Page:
To protect the moving parts of the rolling means in all of the embodiments of this invention, it is desirable to lubricate the balls, rollers, and bearings. To that end, a

lubricant, such as oil, is inserted into the spaces surrounding the moving parts. In a well tool using a percussion sub, it is frequently also desirable to lubricate the spring 20. To prevent the lubricant from leaking out and to prevent dirt and drilling mud from leaking in, typical packings such as those shown at 120 and 122 are used.

In combination the keyways formed by the channels on the inner or outer barrel or by registering pairs of channels in both barrels and the rolling means associated with them form a structure which serves as an extremely eflicient, new and novel torque transmitting spline which is adaptable to a great variety of uses.

In operation, the outer barrel is rotated by means (not shown) located in the drilling rig above ground. The rolling means, such as the balls 50, 52, 53, 54, 55, 56, 57 and 58 of FIGURES 1-4, or those denoted by numerals 80, 81, 82, 83, 84 and 85 of FIGURE 5, transmit torque from the outer barrel 10 to the inner barrel 14 while allowing great freedom of axial translation between the barrels. It is to be stressed that although the invention is described as carrying torque from the outer to the inner barrel, that the device of this invention could just as easily carry torque from the inner barrel to the outer barrel while allowing nearly frictionless relative axial translation between the barrels.

Although the invention has been described in detail above, it is not intended that the invention should be limited by that description, but only in accordance with the spirit and scope of the following claims.

What is claimed is:

1. A well tool having a percussion sub comprising:

an outer barrel, adapted to be rotated, having a plurality of circumferentially distributed substantially axial channels positioned in a region of the inner surface thereof, adapted to receive rolling means;

an inner barrel, including a percussion sub and a driver sub, having a plurality of substantially axial channels, equal in number to the above said channels and in register with the above said channels, upon the outer surface of a portion of said inner barrel;

a plurality of rollings means, positioned in said two sets of channels to transmit torque from said outer barrel to said inner barrel to rotate said inner barrel while allowing relative axial translation between said barrels;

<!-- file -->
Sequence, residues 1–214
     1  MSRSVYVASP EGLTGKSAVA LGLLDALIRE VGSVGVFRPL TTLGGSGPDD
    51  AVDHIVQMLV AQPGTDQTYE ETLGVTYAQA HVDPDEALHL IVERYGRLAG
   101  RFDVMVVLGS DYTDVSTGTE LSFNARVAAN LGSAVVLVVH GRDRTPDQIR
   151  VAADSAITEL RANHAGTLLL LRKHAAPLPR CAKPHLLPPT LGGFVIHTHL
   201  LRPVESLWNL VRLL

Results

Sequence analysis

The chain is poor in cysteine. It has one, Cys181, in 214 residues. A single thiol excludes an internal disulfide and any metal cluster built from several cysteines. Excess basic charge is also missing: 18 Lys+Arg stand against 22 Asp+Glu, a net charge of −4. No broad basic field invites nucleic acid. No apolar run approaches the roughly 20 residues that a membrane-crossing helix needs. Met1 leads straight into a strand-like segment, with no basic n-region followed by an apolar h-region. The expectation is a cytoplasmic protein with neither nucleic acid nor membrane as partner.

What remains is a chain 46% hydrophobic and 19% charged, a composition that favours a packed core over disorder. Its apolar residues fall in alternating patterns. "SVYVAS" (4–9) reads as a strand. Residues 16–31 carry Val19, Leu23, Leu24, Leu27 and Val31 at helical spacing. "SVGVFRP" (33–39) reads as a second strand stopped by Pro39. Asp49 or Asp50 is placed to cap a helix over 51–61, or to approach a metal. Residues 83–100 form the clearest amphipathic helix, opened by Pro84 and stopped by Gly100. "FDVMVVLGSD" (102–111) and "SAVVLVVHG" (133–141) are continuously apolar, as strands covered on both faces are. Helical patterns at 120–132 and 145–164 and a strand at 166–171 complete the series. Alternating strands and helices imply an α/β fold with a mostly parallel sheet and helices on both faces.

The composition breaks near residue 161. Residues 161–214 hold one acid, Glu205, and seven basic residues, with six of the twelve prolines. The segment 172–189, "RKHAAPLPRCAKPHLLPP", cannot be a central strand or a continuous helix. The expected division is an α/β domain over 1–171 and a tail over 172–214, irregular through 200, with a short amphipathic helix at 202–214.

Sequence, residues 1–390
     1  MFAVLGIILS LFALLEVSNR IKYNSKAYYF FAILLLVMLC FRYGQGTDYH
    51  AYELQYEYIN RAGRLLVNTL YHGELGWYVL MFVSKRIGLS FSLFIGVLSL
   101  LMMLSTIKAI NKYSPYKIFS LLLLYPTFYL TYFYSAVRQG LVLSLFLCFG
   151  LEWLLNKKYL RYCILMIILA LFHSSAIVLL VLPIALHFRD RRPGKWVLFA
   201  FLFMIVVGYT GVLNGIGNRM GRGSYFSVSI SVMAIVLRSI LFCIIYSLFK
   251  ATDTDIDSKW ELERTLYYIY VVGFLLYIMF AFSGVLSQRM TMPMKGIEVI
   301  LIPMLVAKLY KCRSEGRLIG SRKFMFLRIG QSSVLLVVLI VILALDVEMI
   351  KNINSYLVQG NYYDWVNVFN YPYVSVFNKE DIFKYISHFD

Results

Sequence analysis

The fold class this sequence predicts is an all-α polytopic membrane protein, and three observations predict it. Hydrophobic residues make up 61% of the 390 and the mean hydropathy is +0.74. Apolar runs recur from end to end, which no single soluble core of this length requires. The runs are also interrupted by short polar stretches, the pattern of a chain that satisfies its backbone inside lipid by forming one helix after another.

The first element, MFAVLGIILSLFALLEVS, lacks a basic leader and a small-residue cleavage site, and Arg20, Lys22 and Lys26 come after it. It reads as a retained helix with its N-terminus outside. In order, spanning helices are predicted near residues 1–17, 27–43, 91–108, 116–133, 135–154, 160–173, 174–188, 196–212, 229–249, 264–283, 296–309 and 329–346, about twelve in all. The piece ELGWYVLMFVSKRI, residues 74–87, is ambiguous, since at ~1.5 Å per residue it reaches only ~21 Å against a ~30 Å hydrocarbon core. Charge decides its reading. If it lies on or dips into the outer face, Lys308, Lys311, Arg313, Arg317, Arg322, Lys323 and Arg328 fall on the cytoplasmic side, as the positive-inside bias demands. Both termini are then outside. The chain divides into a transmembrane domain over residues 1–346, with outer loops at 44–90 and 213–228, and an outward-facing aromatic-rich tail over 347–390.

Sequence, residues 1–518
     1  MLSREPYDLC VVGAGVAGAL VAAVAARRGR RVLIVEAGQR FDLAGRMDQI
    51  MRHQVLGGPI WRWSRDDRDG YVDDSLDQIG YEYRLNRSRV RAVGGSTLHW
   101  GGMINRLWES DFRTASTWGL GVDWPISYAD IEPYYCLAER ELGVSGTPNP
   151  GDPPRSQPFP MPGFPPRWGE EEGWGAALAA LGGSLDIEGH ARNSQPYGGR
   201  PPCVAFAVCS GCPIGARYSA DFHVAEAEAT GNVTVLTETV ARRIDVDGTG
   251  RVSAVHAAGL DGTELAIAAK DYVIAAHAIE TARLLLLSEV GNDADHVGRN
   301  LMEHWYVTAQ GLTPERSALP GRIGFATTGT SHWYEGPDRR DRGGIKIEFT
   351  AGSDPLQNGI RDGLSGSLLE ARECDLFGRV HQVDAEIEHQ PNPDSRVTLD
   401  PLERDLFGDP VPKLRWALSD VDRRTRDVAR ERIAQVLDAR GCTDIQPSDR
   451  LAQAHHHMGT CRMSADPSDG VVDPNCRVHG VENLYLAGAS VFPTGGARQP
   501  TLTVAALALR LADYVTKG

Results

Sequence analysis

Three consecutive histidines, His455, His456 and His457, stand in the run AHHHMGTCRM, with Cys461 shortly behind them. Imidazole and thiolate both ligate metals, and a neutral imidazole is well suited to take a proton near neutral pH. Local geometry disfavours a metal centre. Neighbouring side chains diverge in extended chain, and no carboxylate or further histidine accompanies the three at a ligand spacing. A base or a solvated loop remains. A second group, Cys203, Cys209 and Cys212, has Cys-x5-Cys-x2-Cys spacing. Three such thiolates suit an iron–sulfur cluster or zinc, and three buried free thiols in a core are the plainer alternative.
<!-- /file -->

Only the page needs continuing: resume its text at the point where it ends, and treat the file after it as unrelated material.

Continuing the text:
shoulders on the inner surface of said outer barrel and the outer surface of said inner barrel;

resilient means positioned between said shoulders to bias said inner barrel toward its extended position;

a lubricant surrounding said rolling means; and

means for retaining said lubricant.

2. A device as recited in claim 1 in which said rolling members are balls, and said channels are contoured to receive said balls.

3. A well tool having a percussion sub comprising:

an outer barrel, adapted to be rotated, having a plurality of circumferentially distributed substantially axial channels positioned in a region of the inner surface thereof, adapted and contoured to receive rollers;

an inner barrel, including a percussion sub and a driver sub, having a plurality of radially directed axles extending from the outer surface thereof, arranged in a plurality of substantially axial rows in register with said channels;

a plurality of rollers, equal in number to said axles, attached to roll about the axes of said axles and positioned to engage and roll in said channels to carry torque from said outer to said inner barrel while allowing relative axial translation;

shoulders on the inner surface of said outer barrel and the outer surface of said inner barrel;

a spring positioned between said shoulders to bias said inner barrel toward its extended position;

6 a lubricant surrounding at least said rollers; and means for retaining said lubricant.

4. A device as recited in claim 3 in which said lubricant also surrounds said spring and further comprising stops for limiting the relative translation between said barrels.

5. A well tool having a bumper sub comprising:

an outer barrel, adapted to be rotated, having a plurality of circumferentially distributed substantially axial channels positioned in a region of the inner surface thereof, adapted and contoured to receive rollers;

an inner barrel, including a bumper sub, having a plurality of radially directed axles extending from the outer surface thereof, arranged in a plurality of substantially axial rows in register with said channels;

a plurality of rollers, equal in number to said axles,

attached to roll about the axes of said axles and positioned to engage and roll in said channels to carry torque from said outer barrel to said bumper sub while allowing relative axial translation;

a lubricant surrounding said rollers; and

means for retaining said lubricant.